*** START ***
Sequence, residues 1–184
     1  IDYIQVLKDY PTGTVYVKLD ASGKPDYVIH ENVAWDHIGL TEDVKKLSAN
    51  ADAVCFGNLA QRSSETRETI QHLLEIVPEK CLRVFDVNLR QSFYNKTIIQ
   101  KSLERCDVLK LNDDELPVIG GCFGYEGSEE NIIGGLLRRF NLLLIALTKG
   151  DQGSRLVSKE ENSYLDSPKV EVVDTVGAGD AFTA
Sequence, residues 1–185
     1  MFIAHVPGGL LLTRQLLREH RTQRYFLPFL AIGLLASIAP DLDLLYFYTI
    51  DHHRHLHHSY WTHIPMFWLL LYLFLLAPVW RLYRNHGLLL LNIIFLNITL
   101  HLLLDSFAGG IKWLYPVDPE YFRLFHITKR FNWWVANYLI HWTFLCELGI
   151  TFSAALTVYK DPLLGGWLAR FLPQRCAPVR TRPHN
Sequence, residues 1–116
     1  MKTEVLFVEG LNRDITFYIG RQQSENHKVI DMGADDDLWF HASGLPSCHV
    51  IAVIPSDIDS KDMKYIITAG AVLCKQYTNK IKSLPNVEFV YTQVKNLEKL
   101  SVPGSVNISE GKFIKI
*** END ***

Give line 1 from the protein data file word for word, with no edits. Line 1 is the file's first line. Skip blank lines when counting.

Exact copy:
Sequence, residues 1–184